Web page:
Journal of Economic and Social Measurement - Volume 31, issue 1,2
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ISSN 0747-9662 (P)
ISSN 1875-8932 (E)
The Journal of Economic and Social Measurement (JESM) is a quarterly journal that is concerned with the investigation of all aspects of production, distribution and use of economic and other societal statistical data, and with the use of computers in that context. JESM publishes articles that consider the statistical methodology of economic and social science measurements. It is concerned with the methods and problems of data distribution, including the design and implementation of data base systems and, more generally, computer software and hardware for distributing and accessing statistical data files. Its focus on computer software also includes the valuation of algorithms and their implementation, assessing the degree to which particular algorithms may yield more or less accurate computed results. It addresses the technical and even legal problems of the collection and use of data, legislation and administrative actions affecting government produced or distributed data files, and similar topics.
The journal serves as a forum for the exchange of information and views between data producers and users. In addition, it considers the various uses to which statistical data may be put, particularly to the degree that these uses illustrate or affect the properties of the data. The data considered in JESM are usually economic or social, as mentioned, but this is not a requirement; the editorial policies of JESM do not place a priori restrictions upon the data that might be considered within individual articles. Furthermore, there are no limitations concerning the source of the data.
Abstract: This editorial article describes the Journal of Economic and Social Measurement. It discusses the evolution of this journal during the past thirty plus years of its publication. In the process, it identifies the range of topics that have been historically addressed as a means of suggesting types of possible future articles. It includes both a statement of editorial policies and information about normal selection procedures. This article therefore serves to define the scope of this journal,…but fundamentally should be understood as intended to be suggestive, rather than either prescriptive or restrictive. The journal's essential characteristic is both to act as a complement to the standard disciplinary journals and to be innovative in its acceptance of new ideas and methods.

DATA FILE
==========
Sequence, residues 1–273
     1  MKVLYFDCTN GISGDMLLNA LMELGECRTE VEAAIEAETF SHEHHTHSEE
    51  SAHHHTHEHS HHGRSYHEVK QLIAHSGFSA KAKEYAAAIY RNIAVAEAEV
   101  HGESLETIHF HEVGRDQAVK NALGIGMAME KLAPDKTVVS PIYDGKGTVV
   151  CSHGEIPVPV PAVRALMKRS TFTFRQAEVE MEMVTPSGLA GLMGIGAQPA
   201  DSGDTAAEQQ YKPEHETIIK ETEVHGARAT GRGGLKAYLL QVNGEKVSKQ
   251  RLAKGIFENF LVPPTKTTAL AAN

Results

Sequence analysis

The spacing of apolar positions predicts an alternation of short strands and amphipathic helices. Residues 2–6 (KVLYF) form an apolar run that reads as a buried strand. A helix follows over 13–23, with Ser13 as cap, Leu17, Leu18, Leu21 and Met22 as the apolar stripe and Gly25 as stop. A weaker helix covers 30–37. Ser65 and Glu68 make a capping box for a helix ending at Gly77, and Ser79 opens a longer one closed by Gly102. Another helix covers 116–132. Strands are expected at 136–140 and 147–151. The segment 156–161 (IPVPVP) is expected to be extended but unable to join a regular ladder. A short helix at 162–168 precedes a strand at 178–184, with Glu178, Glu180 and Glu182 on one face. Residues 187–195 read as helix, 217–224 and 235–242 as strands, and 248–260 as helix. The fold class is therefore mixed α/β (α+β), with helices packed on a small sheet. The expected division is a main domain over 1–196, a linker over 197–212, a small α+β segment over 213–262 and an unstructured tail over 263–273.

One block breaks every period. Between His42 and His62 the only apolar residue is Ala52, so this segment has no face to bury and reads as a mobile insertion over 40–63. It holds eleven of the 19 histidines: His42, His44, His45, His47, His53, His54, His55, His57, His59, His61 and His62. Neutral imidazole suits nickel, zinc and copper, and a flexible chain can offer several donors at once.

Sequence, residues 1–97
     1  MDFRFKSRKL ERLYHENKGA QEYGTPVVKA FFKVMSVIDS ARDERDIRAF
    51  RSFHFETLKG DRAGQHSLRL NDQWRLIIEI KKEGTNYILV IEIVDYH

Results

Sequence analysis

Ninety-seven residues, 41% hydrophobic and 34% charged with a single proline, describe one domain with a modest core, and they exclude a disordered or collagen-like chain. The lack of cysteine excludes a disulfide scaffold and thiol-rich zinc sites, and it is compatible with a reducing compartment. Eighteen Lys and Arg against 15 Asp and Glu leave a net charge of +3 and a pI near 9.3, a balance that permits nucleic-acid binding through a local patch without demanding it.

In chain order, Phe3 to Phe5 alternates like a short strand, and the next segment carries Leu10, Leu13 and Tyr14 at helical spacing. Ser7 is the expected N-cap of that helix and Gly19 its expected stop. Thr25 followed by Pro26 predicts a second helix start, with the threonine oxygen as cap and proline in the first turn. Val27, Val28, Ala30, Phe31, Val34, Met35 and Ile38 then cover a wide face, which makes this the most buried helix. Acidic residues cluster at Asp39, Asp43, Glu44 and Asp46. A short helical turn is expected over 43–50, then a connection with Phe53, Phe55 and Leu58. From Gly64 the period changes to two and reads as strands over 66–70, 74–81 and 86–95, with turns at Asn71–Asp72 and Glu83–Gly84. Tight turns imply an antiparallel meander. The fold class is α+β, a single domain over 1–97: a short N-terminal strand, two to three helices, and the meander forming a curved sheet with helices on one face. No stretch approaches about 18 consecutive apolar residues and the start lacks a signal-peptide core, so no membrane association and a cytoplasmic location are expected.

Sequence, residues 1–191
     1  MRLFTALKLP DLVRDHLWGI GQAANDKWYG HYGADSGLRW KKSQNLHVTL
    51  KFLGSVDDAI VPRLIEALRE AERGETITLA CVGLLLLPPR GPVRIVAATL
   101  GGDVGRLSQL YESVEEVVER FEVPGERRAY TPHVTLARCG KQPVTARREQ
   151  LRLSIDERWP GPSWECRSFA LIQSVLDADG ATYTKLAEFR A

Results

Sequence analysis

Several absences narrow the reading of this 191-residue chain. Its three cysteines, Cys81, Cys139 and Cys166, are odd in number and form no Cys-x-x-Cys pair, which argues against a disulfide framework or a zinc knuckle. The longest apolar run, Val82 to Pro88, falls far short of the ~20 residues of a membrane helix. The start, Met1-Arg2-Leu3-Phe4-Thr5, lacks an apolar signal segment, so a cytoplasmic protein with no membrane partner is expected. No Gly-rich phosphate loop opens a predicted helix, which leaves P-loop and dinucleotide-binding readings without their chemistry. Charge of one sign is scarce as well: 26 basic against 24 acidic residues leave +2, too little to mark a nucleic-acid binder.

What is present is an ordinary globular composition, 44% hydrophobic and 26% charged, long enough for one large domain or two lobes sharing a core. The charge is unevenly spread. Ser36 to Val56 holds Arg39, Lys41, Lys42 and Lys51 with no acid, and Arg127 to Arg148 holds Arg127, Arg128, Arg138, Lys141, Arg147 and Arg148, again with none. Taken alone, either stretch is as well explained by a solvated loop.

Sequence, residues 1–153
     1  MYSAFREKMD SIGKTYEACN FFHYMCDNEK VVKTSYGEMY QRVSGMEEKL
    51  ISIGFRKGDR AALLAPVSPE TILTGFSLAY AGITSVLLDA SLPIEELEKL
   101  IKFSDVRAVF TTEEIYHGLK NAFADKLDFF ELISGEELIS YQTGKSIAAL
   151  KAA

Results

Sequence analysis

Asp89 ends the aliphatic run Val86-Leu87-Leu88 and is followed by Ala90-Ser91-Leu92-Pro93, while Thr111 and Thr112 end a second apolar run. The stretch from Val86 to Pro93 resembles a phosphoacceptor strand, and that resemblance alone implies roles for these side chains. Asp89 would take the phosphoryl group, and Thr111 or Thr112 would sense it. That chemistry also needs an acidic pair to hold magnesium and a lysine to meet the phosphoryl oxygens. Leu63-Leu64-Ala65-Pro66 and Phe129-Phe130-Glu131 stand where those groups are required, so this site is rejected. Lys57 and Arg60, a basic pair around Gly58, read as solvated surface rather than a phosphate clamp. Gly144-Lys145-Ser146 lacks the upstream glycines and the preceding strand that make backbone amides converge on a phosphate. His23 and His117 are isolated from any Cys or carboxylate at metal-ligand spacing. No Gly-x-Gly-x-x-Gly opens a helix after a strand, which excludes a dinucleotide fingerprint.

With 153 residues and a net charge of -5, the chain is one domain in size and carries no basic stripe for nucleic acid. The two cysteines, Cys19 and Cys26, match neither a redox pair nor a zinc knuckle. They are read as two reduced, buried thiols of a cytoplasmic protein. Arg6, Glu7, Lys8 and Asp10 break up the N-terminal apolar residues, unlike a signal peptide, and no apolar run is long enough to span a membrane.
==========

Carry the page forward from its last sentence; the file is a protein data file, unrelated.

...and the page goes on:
Abstract: This paper has two aims: first to describe methods, issues, and outcomes involved in matching data from the Insurance Component of the Medical Expenditure Panel Survey (MEPS-IC) to other business microdata collected by the US Census Bureau, and second to present some simple results that illustrate the usefulness of such combined data. We present the results of linking the MEPS-IC with data from the 1997 Economic Censuses (EC), but also discuss other possible sources of business…data. An issue in any linkage is whether the linked sample remains representative and large enough to be useful. The EC data are attractive because, given the survey's broad coverage and large sample, most of the MEPS-IC sample can be matched to it. We use the combined EC/MEPS-IC data to construct productivity measures that are useful auxiliary data in examining employers' health insurance offering decisions.
Keywords: Business data, health insurance, matched data, labor productivity
Abstract: This paper examines the problem of estimating real output and inflation using index numbers that are related to nominal output change through addition rather than multiplication. This approach to the development of index numbers is consistent with the manner in which nominal output actually evolves through time relative to some base year. Formulas for additive measures of real output and inflation that accurately capture the relative impacts of price and output change on nominal output are…derived, and their use in separating real and nominal effects is illustrated and compared with standard indices. The additive approach is also used to understand the nature of formula bias in some traditional index numbers. Finally, through the test approach, the indices presented in this paper have a number of appealing properties.
Keywords: Index numbers and aggregation, price level, inflation, deflation
Abstract: An honest confidence interval for the error variance in a stepwise regression is a one-sided interval that adjusts for the effects of variable selection. The endpoint of this interval may be many times larger than the usual endpoint. Such adjustments are most important when selecting variables from a large number of available predictors, particularly in situations with more available predictors than observations. An illustration using a regression model of stock market returns illustrates the calculations.
Keywords: Bonferroni inequality, model selection, selection bias
Abstract: Some well-known empirical work on the forgone earnings of mothers in Australia became a barrier to a new research project. Initially the existing results could not be replicated, but further investigations and replication attempts eventually revealed the serious errors in the earlier research. Once the results were re-estimated – in the spirit of the original research but with the errors removed – the new research project could proceed. Valid inferences could then be made about the…changes in forgone earnings over time for different groups of Australian women.